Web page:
Wednesday, July 27, 2005

nuntiorum errare est?

For those of you who take pleasure in the endless errors that plague purveyors of print, UPI writer James J. Kilpatrick has collected a bunch but committed an error of his own:

This past December, two AP writers provided a feature story about a midnight hike through a botanical garden. "At the end of the trail was a beautiful opening in the canapi." An opening in the what? Perhaps those hungry campers saw cheese and caviar. The word the writers wanted was "canopy," a noun rooted in ancient Greek and Latin. The plural "canopies" may be purchased in grocery stores throughout the world.

I sent him the following:

"The word the writers wanted was "canopy," a noun rooted in ancient Greek and Latin."

Which is it?

The answer is Greek. The Latin form is merely a transliteration of the Greek (drawn from the word for 'gnat' or 'mosquito,' which means literally 'cone face'). An example of a noun rooted in ancient Greek *and* Latin is 'television,' the second element presumably drawn from Latin because '-scope' was already taken.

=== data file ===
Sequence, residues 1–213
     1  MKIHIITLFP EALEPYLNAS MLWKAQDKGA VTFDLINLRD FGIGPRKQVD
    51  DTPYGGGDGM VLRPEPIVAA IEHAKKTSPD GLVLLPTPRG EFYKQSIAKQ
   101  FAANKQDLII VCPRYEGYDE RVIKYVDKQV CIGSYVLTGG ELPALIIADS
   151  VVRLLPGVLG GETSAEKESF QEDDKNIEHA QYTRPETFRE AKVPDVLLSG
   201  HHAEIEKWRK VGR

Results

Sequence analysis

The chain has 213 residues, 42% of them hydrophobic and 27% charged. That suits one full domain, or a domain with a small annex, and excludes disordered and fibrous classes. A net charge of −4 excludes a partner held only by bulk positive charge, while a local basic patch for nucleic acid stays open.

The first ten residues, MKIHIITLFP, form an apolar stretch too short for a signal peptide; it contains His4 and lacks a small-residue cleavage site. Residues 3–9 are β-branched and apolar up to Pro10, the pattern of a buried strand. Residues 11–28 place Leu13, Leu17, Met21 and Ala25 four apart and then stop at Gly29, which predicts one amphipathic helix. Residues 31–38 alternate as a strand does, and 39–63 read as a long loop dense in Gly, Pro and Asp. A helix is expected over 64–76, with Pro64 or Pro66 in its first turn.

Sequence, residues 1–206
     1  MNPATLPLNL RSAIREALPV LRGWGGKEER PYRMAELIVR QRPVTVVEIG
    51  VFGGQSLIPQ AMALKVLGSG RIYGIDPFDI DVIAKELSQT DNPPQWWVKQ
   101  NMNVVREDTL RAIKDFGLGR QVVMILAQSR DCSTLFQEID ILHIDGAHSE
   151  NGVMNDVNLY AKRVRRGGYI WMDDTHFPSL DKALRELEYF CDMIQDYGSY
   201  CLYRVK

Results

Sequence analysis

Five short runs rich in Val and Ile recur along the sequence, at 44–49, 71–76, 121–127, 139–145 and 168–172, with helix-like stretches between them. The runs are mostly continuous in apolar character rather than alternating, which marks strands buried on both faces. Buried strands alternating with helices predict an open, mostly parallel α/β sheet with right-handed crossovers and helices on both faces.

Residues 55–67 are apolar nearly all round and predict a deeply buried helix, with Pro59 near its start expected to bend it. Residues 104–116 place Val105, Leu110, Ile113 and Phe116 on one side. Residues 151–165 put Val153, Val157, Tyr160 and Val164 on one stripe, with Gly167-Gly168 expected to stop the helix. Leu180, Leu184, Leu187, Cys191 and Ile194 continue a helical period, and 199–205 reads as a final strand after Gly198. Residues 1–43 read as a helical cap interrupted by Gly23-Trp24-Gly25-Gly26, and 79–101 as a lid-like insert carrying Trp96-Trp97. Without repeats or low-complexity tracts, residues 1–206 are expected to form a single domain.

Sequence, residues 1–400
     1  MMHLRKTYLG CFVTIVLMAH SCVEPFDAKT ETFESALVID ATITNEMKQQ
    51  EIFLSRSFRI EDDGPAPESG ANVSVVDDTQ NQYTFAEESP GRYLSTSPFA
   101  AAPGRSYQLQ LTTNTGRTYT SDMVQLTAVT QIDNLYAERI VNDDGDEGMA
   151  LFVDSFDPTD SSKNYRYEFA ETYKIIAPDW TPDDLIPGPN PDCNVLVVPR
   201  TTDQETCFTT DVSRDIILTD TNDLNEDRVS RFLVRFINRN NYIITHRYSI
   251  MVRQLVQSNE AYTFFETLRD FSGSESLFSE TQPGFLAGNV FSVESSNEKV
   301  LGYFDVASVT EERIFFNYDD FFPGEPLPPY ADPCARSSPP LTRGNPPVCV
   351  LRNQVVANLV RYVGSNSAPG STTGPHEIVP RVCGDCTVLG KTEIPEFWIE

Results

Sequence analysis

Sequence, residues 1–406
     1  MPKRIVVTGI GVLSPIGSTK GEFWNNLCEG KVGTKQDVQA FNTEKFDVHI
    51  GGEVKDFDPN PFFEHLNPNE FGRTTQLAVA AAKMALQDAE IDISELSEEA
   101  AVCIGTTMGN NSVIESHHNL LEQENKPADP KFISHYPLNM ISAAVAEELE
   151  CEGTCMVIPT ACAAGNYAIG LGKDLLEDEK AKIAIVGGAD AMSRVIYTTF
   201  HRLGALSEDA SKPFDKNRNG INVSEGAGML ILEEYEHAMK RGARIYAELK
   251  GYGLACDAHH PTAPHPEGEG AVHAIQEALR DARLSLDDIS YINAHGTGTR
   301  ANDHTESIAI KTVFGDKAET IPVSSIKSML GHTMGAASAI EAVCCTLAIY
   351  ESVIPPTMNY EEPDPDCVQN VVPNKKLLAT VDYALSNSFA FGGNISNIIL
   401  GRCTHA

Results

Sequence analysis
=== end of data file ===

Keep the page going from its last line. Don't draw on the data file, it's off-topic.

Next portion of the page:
I think now tht 'needle-face' would have been more to the point.

I can't think of any other words at the moment derived from both languages, so if you can please leave a comment.


Alun said...

Sociology and a few more are at the Wikipedia.

Bill Jennings said...

"Automobile" is the other standard example, but I'm sure there are plenty of -science and -ology compounds that come from both Latin and Greek.

R M Bragg said...


eric said...

my favorite--


Paul said...

HOMOSEXUALITY of course, coined by the German lawyer Karl Heinrich Ulrichs in 1864. He later was the editor of the all-Latin periodical Alaudae (1889-1895).